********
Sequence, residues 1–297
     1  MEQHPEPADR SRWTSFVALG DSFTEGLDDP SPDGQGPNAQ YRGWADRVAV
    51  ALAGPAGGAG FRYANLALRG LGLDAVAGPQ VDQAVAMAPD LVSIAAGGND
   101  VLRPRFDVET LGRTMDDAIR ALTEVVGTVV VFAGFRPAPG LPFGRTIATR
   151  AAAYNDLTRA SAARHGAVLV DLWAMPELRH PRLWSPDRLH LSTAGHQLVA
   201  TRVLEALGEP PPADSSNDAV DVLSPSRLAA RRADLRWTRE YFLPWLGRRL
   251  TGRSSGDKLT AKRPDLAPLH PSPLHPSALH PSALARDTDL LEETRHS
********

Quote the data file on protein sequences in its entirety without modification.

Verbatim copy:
Sequence, residues 1–297
     1  MEQHPEPADR SRWTSFVALG DSFTEGLDDP SPDGQGPNAQ YRGWADRVAV
    51  ALAGPAGGAG FRYANLALRG LGLDAVAGPQ VDQAVAMAPD LVSIAAGGND
   101  VLRPRFDVET LGRTMDDAIR ALTEVVGTVV VFAGFRPAPG LPFGRTIATR
   151  AAAYNDLTRA SAARHGAVLV DLWAMPELRH PRLWSPDRLH LSTAGHQLVA
   201  TRVLEALGEP PPADSSNDAV DVLSPSRLAA RRADLRWTRE YFLPWLGRRL
   251  TGRSSGDKLT AKRPDLAPLH PSPLHPSALH PSALARDTDL LEETRHS